Caribbean capital, to locals / FRI 1-31-14 / Tribe of Chief Shaumonekusse / Source of the word "admiral"
Friday, January 31, 2014
Constructor: Chris McGlothlin
Relative difficulty: Medium-difficult
Word of the Day: HUTUS [Many Rwandans]
The Hutu //, also known as the Abahutu, is an ethnic group in Central Africa. They mainly live in Rwanda, Burundi, and the eastern Democratic Republic of the Congo where they form one of the principal population divisions alongside the Tutsi and the Twa.
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In a freestyle (a.k.a. a "themless" but freestyle sounds cooler) with six grid-spanning entries the first thing I notice is the quality of those entries. Let's look:
1-a [ "No more wasting time!"] = LET'S DO THIS THING. Excellent.
16-a [Pixar, e.g.] = ANIMATION STUDIO. Very good.
17-a [Was just getting started] = HAD A LONG WAY TO GO. Very good.
56-a [Numbats] = BANDED ANTEATERS. If you say so.
59-a [Washington report starter] = I CANNOT TELL A LIE. Very good.
60-a [Charm] = CAST ONE'S SPELL ON. These "one's" idioms are ubiquitous in triple and quad-stacks. I don't have time to do it now but I'd wager that if you looked at all the trips and quads ever printed in the NYT close to 50% of them would have one of these ONE'S in the mix. They're an object of some ridicule among constructors since they often require stilted language to use outside of a dictionary listing, such as A LOT ON ONE'S PLATE or ANTS IN ONE'S PANTS. ("Having ants in one's pants is a most dreadful situation in which to find oneself.") They're culled from databases as a general rule; for example, of the 8 (!) Google hits received by "casts one's spell on," zero are from use in natural language (the others are translations to foreign languages and other database listings). So this one we'll call "pretty bad." But 4.5 out of 6 is pretty good for double trips.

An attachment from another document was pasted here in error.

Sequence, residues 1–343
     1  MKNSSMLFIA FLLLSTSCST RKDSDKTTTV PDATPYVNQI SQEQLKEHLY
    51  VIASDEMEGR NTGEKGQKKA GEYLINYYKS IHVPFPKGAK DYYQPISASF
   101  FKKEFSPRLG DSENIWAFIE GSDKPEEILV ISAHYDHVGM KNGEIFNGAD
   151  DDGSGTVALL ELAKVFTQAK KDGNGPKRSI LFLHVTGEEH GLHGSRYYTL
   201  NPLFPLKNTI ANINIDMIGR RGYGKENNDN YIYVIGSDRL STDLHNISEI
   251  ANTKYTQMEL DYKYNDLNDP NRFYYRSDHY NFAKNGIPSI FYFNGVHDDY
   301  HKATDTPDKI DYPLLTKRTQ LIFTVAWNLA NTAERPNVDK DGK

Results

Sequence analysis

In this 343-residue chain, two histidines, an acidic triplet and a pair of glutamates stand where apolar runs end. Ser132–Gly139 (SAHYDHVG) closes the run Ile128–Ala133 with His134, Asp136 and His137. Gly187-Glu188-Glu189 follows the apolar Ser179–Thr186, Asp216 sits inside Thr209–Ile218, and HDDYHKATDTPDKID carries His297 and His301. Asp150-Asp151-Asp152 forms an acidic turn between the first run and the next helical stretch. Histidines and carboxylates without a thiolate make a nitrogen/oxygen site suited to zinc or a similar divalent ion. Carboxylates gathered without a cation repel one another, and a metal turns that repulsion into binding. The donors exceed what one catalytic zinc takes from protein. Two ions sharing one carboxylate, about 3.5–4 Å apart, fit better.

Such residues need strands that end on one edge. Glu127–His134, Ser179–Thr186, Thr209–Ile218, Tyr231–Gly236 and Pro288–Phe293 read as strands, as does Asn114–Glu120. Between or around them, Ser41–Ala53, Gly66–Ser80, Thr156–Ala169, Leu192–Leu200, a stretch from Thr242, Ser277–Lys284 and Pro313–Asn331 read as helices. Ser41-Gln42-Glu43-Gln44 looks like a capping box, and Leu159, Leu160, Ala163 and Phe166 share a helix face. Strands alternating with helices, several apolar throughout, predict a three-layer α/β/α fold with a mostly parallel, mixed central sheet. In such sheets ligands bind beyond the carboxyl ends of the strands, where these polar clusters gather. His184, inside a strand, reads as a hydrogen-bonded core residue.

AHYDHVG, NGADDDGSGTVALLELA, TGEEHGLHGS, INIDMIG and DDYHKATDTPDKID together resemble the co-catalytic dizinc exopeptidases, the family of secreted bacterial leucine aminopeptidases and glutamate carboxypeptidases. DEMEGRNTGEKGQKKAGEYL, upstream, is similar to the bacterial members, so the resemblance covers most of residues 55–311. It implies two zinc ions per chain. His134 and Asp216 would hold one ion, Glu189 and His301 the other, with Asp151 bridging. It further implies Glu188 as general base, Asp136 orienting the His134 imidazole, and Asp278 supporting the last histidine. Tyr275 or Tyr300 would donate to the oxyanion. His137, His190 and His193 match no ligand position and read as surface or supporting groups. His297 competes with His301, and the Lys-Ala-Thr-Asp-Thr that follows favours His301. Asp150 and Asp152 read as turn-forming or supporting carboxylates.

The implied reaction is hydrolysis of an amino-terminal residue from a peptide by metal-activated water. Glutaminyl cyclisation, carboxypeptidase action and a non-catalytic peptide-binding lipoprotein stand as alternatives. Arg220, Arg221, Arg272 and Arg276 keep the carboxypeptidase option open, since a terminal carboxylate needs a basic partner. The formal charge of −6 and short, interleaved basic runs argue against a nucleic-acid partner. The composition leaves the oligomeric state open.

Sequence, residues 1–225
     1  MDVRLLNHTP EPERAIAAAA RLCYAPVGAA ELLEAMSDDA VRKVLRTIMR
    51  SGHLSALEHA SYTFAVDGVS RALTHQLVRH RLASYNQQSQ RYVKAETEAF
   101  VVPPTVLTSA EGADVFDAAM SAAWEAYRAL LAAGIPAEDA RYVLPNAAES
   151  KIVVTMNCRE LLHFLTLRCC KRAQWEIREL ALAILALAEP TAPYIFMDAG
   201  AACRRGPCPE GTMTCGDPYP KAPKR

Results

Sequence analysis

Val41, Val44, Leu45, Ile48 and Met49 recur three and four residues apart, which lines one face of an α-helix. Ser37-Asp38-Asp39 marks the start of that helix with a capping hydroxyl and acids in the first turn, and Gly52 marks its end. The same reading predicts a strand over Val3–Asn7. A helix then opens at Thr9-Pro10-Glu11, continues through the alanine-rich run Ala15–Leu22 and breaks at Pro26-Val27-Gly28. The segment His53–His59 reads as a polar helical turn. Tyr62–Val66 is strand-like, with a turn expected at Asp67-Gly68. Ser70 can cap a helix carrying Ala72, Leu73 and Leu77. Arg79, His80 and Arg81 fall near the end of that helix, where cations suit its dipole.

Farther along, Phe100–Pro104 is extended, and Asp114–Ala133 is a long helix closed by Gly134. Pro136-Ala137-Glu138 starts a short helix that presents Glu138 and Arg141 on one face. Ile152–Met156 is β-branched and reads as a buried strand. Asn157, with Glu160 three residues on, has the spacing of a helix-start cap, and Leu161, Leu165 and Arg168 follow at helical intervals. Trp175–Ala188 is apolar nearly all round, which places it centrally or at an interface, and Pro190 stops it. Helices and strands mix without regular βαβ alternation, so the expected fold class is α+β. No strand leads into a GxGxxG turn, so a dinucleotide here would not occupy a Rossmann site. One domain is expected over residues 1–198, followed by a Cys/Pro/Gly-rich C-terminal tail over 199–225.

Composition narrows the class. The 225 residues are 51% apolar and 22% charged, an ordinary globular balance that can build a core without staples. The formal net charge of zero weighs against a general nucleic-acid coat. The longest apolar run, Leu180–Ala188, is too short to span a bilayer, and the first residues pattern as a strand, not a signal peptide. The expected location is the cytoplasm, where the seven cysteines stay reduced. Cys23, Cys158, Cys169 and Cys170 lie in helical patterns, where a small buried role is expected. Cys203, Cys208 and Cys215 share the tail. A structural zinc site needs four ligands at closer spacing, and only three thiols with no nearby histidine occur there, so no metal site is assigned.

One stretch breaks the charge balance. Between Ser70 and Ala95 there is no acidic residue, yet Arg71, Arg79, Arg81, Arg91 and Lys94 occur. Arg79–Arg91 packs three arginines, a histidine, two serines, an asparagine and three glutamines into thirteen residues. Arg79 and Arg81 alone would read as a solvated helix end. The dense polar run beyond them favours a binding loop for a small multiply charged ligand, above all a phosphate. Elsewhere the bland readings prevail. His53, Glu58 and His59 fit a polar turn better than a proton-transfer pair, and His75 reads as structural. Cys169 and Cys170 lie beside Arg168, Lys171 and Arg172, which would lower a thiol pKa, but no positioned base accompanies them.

Lively 8's going gown, too: LA HABANA (a.k.a. Havana, Cuba), TIDIES UP, TACO BELL, I GO TO RIO and IN WANT OF all stand out. In the seven range we have BAR EXAM, GET EVEN and SILENTS, and in the 6 range we get ARABIC, I DO NOT, and VOYAGE. That's a lot of good fill.
The usual rap against very wide-open grids is that you get a lot of lousy short fill. Let's list the, say, five worst pieces and see the damage: ANANAS [Pineapples: Sp.], SSA, OTO, LEU and BEEK. Not all that bad, but there are going to be a lot of solvers who don't know that "Havana" takes a B in Spanish and think that Van der Veek sounds like a plausible Dutch name.
Better than your usual double-triple.
Wednesday's puzzle had an almost-awesome theme: constructor Michael Black found Elgin Baylor concealing NBA and Woodrow Wilson concealing WWI, but spread the acronyms out among the names for the other two entries. Could Rexheads balance those with an 11 and 13 that kept their acronyms intact to maximize this lovely idea?
Our two winning entries are:
Rob. C for ZSA ZSA GABOR, clued as [Actress and an organization she belonged to]. Which is the SAG.
And..well, me for [Pitching great and his statistic] for MARIANO RIVERA. And his ERA.
|Career ERA: 2.21!|
So that would even up the two entries and keep all the trigrams intact. Though these aren't as good as the first two, since the ERA doesn't span both words and because, although Zsa Zsa was a member of SAG, she isn't especially strongly identified with it.
Since I didn't specify that they had to be 11 and 13, let's give the other prize out to the best entry of any length. That goes to Evan for longtime NFL player London Fletcher.
Rob C. and Evan, please e-mail me at firstname.lastname@example.org so I can send you your loot.
Signed, Matt Gaffney, Regent for three more days of CrossWorld